in the Cerman sty le. No longer was college
exclusively for the ministry, or even for
"gentlemen" who wanted to acquire a sheen
before entering business or a profession.

For a while, a battle was waged between
the classical academies and the new upstarts of German-styl- e
scholarship and American style "public service." By the end of
the century, however, it was all over. Classicism was dead.
Taking its place in most universities was
the elective system, championed by the influential Charles Eliot, president of Harvard
from 1869 to 1909. By the time he came to
college, Eliot's theory went, the young person should be able to embark upon study
which would lead to a profession.
This idea was quite popular in the last
half of the 19th century and on into the
20th, but it was by no means universally
accepted.
The University of Chicago's first president, William Harper, pointed out the danger
of pattemless skipping from course tocourse,
and, w hile president of Princeton, Woodrow
Wilson proposed that all students should
gain "a wide acquaintance with the best
books that men have written jointed with
a knowledge of the institutions men have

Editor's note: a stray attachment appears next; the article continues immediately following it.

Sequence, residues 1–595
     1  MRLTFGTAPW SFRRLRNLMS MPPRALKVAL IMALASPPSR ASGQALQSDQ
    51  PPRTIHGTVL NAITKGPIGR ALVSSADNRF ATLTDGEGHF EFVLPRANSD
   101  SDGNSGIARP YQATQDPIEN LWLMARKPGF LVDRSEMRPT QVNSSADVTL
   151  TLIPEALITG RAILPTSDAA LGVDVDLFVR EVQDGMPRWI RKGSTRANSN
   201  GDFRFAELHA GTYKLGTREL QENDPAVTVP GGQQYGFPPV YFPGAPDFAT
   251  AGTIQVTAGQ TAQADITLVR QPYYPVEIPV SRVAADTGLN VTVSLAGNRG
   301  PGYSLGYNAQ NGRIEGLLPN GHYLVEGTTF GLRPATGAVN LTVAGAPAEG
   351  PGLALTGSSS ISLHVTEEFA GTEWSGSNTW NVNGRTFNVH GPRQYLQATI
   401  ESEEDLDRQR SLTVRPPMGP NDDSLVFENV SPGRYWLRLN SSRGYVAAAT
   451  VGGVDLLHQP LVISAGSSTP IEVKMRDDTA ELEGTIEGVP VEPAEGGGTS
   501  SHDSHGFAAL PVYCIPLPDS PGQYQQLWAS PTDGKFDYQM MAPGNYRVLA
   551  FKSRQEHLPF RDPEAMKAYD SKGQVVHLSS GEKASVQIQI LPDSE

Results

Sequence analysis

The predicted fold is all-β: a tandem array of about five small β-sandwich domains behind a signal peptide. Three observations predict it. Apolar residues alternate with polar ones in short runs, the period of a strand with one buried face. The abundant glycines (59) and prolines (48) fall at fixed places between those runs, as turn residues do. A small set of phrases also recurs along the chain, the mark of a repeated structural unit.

made trial of in the past."
Meanwhile, at Harvard University, President Abbott Lowell was replacing his predecessor's elective system with a pattern
of concentration and distribution, limiting
students' freedom to choose any course.
Other colleges in the 20Y and '30's were
devising much more enterprising schemes

Service

Gen. Lewis B. Hershey, the director of
Selective Service, said Monday that he now supports the creation
of a draft lottery, after deriding the concept for years, because
President Johnson had overruled his objections.
In testimony before the Se- on the form of the random selecnate Subcommittee on Employment, Manpower, and Poverty tion process.
General Hershey used a football
General Hershey said that
analogy to describe his reluctant
to higher authority. part of tlie new draft system
capitulation
The subcommittee, under the could be implemented "today"
temporary chairmanship of Sen. by beginning the induction of
under the current
Edward M. Kennedy,
opened hearings on the draft birth date selection process. The